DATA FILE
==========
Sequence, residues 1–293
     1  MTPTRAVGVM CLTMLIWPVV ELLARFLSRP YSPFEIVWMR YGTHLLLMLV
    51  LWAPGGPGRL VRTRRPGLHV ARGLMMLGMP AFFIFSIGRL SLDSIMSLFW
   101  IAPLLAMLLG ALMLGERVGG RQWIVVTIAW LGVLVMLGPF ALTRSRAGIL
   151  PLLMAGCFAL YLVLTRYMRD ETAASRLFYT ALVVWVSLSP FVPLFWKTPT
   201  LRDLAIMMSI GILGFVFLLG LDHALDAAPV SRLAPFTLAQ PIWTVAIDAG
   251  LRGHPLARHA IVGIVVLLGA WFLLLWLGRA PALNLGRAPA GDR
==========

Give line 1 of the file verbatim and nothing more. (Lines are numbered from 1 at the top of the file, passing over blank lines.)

Sequence, residues 1–293